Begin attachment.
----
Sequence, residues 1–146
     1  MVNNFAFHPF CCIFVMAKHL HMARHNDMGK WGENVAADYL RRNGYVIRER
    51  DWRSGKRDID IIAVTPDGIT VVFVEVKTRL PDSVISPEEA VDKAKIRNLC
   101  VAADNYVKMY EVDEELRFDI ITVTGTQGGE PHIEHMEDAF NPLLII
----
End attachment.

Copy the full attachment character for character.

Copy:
Sequence, residues 1–146
     1  MVNNFAFHPF CCIFVMAKHL HMARHNDMGK WGENVAADYL RRNGYVIRER
    51  DWRSGKRDID IIAVTPDGIT VVFVEVKTRL PDSVISPEEA VDKAKIRNLC
   101  VAADNYVKMY EVDEELRFDI ITVTGTQGGE PHIEHMEDAF NPLLII